Sunday, January 16, 2005


They say the first memories you gather as a child are those that shock you the most.
They are most prominent, most momentous, and thus naturally most memorable.
I never really lent this much thought, seeing as it is quite self-evident; the more things contrast
the more we notice them and thus the longer they linger in our memory.

But it is the very parallel to this that I have failed to realize before.
And now that I consider it, the parallel explains precisely what has fascinated me for quite some time.

That there are moments in life that are so exquisitely transient and delicately blended that it is difficult to tell when they truly begin or come to an end.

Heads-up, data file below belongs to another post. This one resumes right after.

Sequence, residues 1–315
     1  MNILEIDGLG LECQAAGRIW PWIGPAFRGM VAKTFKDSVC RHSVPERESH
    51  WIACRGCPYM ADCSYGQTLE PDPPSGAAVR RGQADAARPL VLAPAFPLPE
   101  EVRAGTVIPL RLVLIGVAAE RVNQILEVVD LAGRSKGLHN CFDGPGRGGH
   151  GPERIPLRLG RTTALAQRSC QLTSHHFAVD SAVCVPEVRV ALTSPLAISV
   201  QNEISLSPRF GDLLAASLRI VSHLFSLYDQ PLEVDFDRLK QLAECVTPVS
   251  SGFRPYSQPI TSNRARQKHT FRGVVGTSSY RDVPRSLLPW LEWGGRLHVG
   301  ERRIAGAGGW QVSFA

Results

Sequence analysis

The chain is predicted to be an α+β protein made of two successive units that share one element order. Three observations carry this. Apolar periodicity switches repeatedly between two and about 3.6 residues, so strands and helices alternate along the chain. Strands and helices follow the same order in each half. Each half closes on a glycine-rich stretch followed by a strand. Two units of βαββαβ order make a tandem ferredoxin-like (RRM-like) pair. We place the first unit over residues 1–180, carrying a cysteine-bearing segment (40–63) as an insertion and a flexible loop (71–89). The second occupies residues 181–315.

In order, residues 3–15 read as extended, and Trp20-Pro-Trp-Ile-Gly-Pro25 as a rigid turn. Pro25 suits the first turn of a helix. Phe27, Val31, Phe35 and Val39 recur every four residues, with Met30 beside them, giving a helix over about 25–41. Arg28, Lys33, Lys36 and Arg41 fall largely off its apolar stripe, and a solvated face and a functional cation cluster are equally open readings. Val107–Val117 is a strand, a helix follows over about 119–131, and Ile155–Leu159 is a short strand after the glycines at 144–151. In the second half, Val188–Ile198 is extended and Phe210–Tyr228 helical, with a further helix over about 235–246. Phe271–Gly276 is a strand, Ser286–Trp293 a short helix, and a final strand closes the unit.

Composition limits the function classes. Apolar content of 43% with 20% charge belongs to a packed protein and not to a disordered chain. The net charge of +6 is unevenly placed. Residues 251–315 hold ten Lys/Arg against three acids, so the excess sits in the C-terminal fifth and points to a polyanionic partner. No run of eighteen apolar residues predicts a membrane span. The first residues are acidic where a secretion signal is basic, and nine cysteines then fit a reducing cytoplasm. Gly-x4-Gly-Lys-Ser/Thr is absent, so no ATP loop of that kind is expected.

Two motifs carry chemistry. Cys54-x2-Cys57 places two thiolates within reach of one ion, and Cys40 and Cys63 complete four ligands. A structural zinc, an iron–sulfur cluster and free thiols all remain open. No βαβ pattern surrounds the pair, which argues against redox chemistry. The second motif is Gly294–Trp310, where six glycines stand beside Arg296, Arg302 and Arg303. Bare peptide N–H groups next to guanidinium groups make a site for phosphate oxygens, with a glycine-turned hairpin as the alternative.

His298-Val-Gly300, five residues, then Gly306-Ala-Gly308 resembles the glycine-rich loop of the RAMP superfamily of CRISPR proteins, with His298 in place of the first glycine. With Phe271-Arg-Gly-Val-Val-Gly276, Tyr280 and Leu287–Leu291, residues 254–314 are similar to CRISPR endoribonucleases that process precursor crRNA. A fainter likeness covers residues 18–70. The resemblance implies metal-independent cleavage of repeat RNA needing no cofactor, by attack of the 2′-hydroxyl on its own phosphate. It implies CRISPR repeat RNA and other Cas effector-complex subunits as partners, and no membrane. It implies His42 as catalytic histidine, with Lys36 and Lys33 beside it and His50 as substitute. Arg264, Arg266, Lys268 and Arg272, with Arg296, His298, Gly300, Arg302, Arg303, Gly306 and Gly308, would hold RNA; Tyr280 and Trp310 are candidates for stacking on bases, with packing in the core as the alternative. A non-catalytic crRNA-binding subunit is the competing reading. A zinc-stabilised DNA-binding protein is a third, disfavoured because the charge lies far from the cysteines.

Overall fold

They often pass before you are aware they are happening.

Like awakening from a dream, in the zone of time when you feel your mind gradually stir and a slow trickle of thoughts spills over.
Like the gradation of night to dawn, where you are never certain what to call the sky as it seems to change as you ponder.
Like the man that was a child,
the downpour that was a drizzle,
the warmth that was a chill.

A million shades of gray where no line can be drawn.
I try and fail to recreate these moments in my mind.
They are so very clear and yet frustratingly fleeting, tantalizingly beyond my reach.
These are the moments I treasure the most yet can't seem to remember.

The next time you are walking along a beach, try and stand where the water meets the sand. You will find you have no place to stand at all.


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